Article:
But for marketing organisations to have a contextual understanding of the customer problems they are solving, it’s not going to just come down to data, it requires a balanced bench of talented people.

As Tucker Kain from the LA Dodgers’ shared in the ‘Naked Innovation Brand Start-Ups’ panel, it was important for his team to have the right mix of the ‘box office’ guy, who has been with the LA Dodgers for 40 years, with new views. This provided the historical context to innovative thinking and problem solving.

While we’ve previously focused on ‘content as king’, what’s become more important now to marketers is the ability to have the deeper context to provide the right content to the right person at the right time.

Context is king.

- Michaela Chan is the CMO of oOh! Media. Check out our profile of her here.

Join the newsletter!

Or

Sign up to gain exclusive access to email subscriptions, event invitations, competitions, giveaways, and much more.

Membership is free, and your security and privacy remain protected. View our privacy policy before signing up.

Error: Please check your email address.
Show Comments
cmo-xs-promo

Latest Videos

More Videos

I couldn't understand one things why on earth people only talk aboutimpact of digital transformation on banking and finance field instead...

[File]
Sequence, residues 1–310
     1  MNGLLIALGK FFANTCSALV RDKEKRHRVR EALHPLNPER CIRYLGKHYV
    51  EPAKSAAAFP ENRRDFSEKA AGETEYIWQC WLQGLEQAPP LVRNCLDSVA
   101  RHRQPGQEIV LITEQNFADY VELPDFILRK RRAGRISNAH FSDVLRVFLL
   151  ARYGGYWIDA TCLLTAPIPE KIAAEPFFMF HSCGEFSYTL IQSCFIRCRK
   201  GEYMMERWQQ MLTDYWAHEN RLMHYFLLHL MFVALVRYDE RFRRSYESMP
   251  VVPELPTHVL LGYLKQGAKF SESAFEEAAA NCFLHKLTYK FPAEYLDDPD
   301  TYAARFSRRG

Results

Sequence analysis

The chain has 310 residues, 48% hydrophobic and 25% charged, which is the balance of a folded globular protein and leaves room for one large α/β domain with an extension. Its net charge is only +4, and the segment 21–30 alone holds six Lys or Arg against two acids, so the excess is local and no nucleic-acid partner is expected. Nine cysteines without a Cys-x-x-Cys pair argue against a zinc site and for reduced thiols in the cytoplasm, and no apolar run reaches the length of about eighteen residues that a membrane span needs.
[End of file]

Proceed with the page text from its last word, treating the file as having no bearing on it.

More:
Rajesh Acharya

Digital take-up and experiences help drive Suncorp's solid FY21 performance

Read more

Good afternoon,This is a complaint of the process of refunds which does not comply with Australian legislation. Despite a exhaustive req...

shiree Gilroy

Catch Group combines commercial and marketing role

Read more

I really appreciate your article. Love your Article. By reading your article, its created an idea in my mind about loyalty strategy to ke...

Jack Reacher

Report: Marketers failing to realise the benefits of customer loyalty programs

Read more

One month’s research and we’ve handpicked this generation’s 50 most talented Women CEOs, leading the top multinational companies around t...

Vaishnavi Pillai

Women in leadership the focus on International Women’s Day

Read more

Great post!

deen8

What felix Mobile is doing to keep customer support cost-effective

Read more

Blog Posts

When friction can be a brand’s best friend

I always enjoy those oft-forgotten, in-between moments in any experience. These moments are not necessarily part of any defined experience per se. They likely wouldn’t show up in an organisation’s plans or ideas to help make the customer journey or user flow as simple, easy and seamless as possible.

Rich Curtis

CEO, FutureBrand A/NZ

How much attention should we be paying to the ‘attention economy’?

There’s been a lot of buzz in the advertising industry lately about what’s coined the ‘attention economy’. And it’s fast becoming the new battleground for media channels to prove their wares and to develop and espouse new attention metrics.

Nickie Scriven

CEO, Zenith

Sometimes the best solutions are some of the most counterintuitive

Exceptional CMOs do exceptional things for themselves and for those they inspire. At your best you are creative, innovative and inspirational. We have a problem though. We now live in a corporate world that demands sensibility where everything you do is measurable and stakeholders demand predictability – the antithesis of breakthrough and transformation.

Hamish Thomson

Author, former regional president and global brand head, Mars Incorporated

Sign in